February 24, 2010
Joakim Noah is struggling with plantar fasciitis in his left foot, but he really, really wants to play. He’s wearing new orthotics, undergoing treatment, and even ingesting some mystrious “fruit drink” that’s supposed to help his feet. But the pain hasn’t gone away. In two games he’s missed two breakaway dunks. It’s not a coincidence.
Said Noah: “I want to play the whole game. I think [the coaches] know that. But what can I do? I’m not going to go to the media and say I’m not happy with the situation. They told me this was going to happen. I want to help. But I have to get healthy.”
Bulls coach Vinny Del Negro also wants Noah to play, but Vinny is limiting Jo’s minutes to reduce the wear and tear on his aching foot. The medical staff doesn’t think shutting Noah down is the answer, but neither is asking him to log heavy minutes.
Said Del Negro : “We want him out there. It’s just that he’s not healthy. His foot is healing as fast as it can. It’s frustrating for him, I’m sure. But he’s just got to keep on getting his rest, getting his therapy and hopefully, it will continue to improve. … He’s had a lot of therapy and a lot of time, but those are difficult injuries. And everyone is a little bit different — where it is on your foot. We’ll just take it a day at a time. See how he feels. And increase his minutes as we see fit.”
Sadly, there’s no good answer with plantar fasciitis.
I’ll go ahead and admit I’ve been dealing with this injury for a couple months now. Some days it’s really bad, some days not so much. But as an avid pickup baller who plays two or three times a week, I can tell you it’s affected my game. Heck, it’s affected my walk from the train station to my job in the morning.
I was never much of a leaper, but now I have no lift. I also have no thrust on my first step. As a result, I’ve been struggling to get to the hoop, and I’ve had more shots stuffed in the last 30 days than the past couple years. It’s a bit of an ego-ectomy, really.
Like Noah, I want to play. But also like Noah, the problem persists.
It’s affecting my pickup teams, and it’s affecting the Bulls. And don’t forget that — with much less limelight — Taj Gibson is also playing through a case of plantar fasciitis, and Brad Miller is being asked to log too many minutes in relief. That double whammy could certainly explain why those two guys played so badly against the Wizards on Monday.
As K.C. Johnson of the Chicago Tribune has pointed out, this entire situation — Noah’s injury, Gibson’s injury, Miller’s minutes, and the defensive confusion of new Bull Hakim Warrick — is impacting Chicago’s defense. The Bulls lead the league in rebounding and blocked shots, and they’re tied with the Oklahoma City Thunder in lowest opponents’ field-goal percentage.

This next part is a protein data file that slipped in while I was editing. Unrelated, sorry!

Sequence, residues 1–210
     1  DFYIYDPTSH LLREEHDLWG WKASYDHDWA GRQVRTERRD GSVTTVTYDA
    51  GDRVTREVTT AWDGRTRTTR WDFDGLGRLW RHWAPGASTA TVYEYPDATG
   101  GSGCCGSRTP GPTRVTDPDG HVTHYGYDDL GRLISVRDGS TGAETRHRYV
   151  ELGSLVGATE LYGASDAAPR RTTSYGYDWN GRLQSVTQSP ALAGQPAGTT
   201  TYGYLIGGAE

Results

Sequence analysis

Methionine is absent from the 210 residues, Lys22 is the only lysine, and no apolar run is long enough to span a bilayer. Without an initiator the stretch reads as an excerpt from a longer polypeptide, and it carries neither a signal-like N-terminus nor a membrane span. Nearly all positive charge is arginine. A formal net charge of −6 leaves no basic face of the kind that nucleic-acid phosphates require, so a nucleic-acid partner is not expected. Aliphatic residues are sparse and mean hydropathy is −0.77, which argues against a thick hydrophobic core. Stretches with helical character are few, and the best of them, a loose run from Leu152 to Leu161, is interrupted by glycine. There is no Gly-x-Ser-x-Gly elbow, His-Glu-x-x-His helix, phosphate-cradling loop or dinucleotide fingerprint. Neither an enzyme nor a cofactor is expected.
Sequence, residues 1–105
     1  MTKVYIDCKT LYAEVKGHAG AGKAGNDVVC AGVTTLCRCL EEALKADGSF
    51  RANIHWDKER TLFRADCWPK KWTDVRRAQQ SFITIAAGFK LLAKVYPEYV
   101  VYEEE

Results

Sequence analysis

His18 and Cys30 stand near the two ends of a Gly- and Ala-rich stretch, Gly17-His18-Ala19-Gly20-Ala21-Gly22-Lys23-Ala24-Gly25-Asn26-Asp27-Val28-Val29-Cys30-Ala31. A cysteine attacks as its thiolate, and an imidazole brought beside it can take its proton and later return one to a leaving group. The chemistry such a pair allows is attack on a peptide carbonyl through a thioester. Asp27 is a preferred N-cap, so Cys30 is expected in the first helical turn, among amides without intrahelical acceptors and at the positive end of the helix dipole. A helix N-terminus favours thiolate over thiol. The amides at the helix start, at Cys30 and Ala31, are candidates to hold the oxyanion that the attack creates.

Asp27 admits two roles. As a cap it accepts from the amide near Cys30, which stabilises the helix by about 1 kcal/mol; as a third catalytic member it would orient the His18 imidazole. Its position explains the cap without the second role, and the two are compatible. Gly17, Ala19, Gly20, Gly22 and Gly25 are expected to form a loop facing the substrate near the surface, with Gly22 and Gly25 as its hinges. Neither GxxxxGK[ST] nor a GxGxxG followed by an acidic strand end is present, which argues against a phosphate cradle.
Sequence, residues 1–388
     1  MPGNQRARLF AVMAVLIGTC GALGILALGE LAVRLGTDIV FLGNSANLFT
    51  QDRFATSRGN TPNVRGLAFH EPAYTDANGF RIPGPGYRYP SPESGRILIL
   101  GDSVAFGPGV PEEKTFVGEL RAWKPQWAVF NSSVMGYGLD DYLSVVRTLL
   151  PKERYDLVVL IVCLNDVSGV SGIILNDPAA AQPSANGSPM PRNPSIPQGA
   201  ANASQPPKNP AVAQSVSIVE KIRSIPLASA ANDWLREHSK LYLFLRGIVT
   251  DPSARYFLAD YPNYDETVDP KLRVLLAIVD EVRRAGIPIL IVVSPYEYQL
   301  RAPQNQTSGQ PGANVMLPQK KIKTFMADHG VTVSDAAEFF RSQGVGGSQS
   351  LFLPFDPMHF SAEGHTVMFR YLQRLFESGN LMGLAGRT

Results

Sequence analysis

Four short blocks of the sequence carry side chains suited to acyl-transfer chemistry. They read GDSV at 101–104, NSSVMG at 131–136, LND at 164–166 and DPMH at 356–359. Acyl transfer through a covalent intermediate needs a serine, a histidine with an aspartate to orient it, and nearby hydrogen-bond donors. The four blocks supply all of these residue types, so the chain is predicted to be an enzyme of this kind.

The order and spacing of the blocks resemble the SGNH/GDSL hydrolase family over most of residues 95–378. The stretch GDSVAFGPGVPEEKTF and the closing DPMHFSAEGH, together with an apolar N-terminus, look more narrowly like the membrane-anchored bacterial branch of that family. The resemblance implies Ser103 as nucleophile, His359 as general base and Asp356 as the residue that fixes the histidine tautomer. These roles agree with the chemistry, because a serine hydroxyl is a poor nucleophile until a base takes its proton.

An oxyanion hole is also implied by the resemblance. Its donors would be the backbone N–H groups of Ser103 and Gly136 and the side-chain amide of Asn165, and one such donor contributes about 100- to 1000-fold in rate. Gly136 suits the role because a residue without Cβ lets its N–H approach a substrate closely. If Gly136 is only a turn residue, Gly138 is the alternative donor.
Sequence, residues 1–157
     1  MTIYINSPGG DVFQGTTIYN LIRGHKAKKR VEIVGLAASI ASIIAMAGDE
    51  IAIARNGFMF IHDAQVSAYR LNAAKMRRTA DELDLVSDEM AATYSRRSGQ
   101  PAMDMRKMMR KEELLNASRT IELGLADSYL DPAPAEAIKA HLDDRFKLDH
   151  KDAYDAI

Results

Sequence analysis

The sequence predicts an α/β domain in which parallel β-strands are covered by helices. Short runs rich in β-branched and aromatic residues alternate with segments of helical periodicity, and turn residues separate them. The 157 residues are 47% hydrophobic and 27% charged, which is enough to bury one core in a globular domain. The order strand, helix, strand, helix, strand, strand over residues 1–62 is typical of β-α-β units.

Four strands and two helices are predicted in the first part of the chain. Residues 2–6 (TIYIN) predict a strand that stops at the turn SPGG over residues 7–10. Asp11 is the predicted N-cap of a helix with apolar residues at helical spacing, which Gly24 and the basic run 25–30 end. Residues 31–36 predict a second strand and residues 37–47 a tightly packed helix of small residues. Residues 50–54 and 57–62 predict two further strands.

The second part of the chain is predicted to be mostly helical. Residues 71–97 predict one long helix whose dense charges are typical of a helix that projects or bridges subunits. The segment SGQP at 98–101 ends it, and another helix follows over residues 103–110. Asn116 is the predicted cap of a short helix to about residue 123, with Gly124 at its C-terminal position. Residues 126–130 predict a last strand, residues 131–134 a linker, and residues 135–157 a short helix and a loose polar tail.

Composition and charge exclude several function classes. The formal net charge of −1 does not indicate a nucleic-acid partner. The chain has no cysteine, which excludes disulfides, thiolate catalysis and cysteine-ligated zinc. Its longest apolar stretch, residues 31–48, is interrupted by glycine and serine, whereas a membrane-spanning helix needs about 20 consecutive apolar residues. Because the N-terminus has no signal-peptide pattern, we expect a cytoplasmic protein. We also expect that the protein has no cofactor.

But barring a mystical fruit drink miracle, those numbers seem destined to fall. And Washington big man Andray Blatche’s 25-point, 11-rebound performance against the Bulls may become the rule rather than the exception. Hopefully, Warrick can get up to speed defensively. And fast.
Said Warrick: “It’s been a little tough for me. They’re a little more aggressive, especially on side pick-and-rolls and showing and blitzing. With the Bucks, we were sending (opponents) baseline. Coach Scott Skiles had a thing where he didn’t want to switch it up as much. They switch (screens) a little more here.”
These are the little things that haunted the Bulls in their loss to the Wizards, and it could make stealing a decent playoff seed pretty difficult. And unfortunately, Bulls fans can only do what Noah is doing: sit and wait and hope.
February 9, 2010
Deng expected to play tonight versus Pacers:
Somewhat lost amidst all the drama surrounding Tyrus Thomas was the fact that Luol Deng missed practice on Monday because of tendinitis in his right shoulder. However, he’s expected to play tonight against the Indiana Pacers. Deng missed 33 games last season thanks to a stress fracture in his right tibia, but he’s been an iron man this season, appearing in all 49 games despite playing with a fractured left thumb.
Remember what Deng said earlier this season: “Last year when I was sitting, I made a commitment to play all 82 games this season. Even though it wasn’t my fault last year, I didn’t want anyone to say anything about me being soft anymore. That’s why I don’t want to take any game off all year. I just want to do my job.”
The Bulls do not heart Indiana:
The Pacers (18-33) aren’t a very good team. In fact, they haven’t been a very good team since The Malice at the Place. Not that Indy’s descent into mediocrity and worse has benefitted the Bulls at all. Since it opened in 1999, Chicago is 3-17 at Conseco Fieldhouse…and the Pacers’ winning percentage in these games (.850) is its best over any East opponent at home during that stretch.
Last February, Derrick Rose had one of his worst-ever games as a Bull, scoring only 3 points on 1-for-9 shooting.
Joakim Noah starring in remake of “Das Boot”:
Okay, that’s a bad joke from my freshman year German class. At any rate, the Bulls medical staff is trying to speed up Joakim’s recovery from plantar fasciitis by having him wear a protective boot and undergo both massage and electric stimulation. He also had blood was taken from his arm and injected into the foot.
I swear that last part isn’t a witch doctor cure.
According to John Jackson of the Chicago Sun-Times: “Platelet-rich plasma (PRP) therapy — used in plastic surgery since the 1990s — has gotten more popular among athletes, getting a push when Pittsburgh Steelers wide receiver Hines Ward credited the treatment with getting him on the field in time for last year’s Super Bowl, said Martin Leland, an orthopedic sports medicine surgeon at the University of Chicago Medical Center who is not working with the Bulls.”
Vinny tepid on Tyrus Thomas’ return: